Select from this list a smaller selection of beliefs you would like to understand better. Your list now, for example, might be reduced to: Money, Death, Friendship, Morality, Sex, Intuition, Emotions.
Take some time to think of and to write out all the beliefs you have under each of these headings. Be governed by honesty and a reluctance to censor yourself. It doesn’t matter here if your beliefs seem daft or contradictory. We are only trying to uncover what we really do believe. Here are some examples of beliefs uncovered in this way:
Actions have consequences. Everyone wants to be happy and to avoid suffering. In this they are just like us. Basic principles are more important than the gray areas. You can’t legislate for the gray areas — it’s a matter of conscience. You have to take responsibility for your actions. Morality often amounts to a choice of evils.
You should be careful of expressing emotions as they might hurt people. It is scary to express emotions. You should always have your emotions out in the open. If you ‘wear your heart on your sleeve for the daws to peck at’, they will. You should express the positive emotions. You should not give vent to the negative emotions. These should be confessed and left behind.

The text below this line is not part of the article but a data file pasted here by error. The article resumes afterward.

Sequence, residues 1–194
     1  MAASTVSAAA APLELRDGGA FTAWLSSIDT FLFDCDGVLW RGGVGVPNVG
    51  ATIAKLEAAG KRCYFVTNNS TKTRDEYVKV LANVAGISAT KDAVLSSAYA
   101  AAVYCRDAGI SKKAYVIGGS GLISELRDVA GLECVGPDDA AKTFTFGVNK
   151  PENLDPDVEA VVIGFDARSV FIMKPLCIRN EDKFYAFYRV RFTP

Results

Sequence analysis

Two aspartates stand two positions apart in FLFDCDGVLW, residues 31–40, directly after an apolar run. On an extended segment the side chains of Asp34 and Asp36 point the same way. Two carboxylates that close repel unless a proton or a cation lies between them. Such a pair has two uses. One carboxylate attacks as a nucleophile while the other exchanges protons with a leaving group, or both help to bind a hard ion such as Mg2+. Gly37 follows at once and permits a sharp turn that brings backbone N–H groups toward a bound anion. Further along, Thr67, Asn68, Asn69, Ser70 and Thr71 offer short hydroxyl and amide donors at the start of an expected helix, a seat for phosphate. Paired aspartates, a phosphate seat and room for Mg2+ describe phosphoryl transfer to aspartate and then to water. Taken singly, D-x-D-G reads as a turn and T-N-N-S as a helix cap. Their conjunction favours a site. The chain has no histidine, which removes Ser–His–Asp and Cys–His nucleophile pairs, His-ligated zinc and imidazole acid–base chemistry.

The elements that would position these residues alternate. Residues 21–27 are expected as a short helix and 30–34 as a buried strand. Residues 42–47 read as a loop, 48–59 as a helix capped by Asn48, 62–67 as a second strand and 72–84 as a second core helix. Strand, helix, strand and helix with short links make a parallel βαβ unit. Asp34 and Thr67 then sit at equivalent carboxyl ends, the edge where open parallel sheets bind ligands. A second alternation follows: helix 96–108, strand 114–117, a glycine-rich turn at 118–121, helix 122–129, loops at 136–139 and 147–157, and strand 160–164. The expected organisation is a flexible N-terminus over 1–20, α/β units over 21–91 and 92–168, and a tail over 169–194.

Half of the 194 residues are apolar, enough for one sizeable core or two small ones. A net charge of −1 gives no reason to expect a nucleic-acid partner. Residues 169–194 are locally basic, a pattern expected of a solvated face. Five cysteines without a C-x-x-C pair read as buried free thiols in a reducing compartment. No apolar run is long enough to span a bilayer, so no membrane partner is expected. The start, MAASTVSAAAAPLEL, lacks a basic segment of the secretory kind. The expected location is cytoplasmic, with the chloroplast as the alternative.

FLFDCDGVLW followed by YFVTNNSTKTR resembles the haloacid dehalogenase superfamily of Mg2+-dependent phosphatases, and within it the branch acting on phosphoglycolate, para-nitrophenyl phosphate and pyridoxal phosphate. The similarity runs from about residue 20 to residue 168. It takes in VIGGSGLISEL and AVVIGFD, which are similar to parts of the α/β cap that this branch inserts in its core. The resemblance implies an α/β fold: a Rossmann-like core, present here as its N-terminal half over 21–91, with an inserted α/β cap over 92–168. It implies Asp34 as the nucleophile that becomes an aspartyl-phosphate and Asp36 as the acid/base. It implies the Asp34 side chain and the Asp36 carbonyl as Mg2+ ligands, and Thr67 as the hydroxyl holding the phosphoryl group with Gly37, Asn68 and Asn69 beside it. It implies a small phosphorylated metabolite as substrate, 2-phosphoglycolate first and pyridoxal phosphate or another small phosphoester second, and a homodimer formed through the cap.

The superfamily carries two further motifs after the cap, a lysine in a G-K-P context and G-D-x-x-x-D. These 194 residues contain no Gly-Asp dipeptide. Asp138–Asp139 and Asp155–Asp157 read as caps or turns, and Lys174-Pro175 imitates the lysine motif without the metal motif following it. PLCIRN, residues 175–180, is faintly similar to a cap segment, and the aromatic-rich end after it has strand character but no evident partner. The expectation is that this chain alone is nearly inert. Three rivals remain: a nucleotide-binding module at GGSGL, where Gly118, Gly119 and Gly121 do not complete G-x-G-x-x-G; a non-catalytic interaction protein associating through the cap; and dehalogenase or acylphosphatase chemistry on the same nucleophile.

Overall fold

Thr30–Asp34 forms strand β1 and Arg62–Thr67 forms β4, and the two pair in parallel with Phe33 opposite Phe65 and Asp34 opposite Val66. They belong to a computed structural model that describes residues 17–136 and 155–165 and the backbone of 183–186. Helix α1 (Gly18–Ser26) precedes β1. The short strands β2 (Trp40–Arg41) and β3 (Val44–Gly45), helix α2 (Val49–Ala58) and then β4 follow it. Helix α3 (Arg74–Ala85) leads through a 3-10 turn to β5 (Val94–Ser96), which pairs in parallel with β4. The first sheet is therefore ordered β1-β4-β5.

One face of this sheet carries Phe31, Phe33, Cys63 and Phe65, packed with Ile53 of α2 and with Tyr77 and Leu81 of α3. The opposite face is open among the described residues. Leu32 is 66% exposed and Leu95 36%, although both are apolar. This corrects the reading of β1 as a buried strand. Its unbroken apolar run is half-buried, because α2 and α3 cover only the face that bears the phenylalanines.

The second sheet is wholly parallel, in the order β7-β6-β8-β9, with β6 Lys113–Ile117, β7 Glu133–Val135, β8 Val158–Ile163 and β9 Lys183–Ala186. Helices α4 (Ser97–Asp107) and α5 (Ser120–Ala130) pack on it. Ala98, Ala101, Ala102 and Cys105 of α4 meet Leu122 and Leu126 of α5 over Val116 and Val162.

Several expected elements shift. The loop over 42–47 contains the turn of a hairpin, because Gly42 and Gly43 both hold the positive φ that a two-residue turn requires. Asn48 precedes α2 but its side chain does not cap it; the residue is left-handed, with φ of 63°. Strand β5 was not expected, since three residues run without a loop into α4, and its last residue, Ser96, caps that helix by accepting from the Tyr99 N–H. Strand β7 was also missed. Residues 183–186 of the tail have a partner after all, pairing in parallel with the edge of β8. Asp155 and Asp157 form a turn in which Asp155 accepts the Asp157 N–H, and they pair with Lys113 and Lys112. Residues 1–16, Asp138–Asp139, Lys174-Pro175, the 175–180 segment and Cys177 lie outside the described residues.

Under each heading assess whether your beliefs represent a clear and consistent set or whether they are confused and contradictory. Write down your thoughts and conclusions.
Ask yourself where each belief comes from. Try to remember from whom you first heard it. If you thought of it yourself, note this also. Next to each belief write down the names of the people you got your beliefs from. Note any patterns you see emerging as to where your beliefs come from. What do you make of this? Consider afresh your response to each belief. Is it really true? Note comprehensively any reflections to emerge from this process.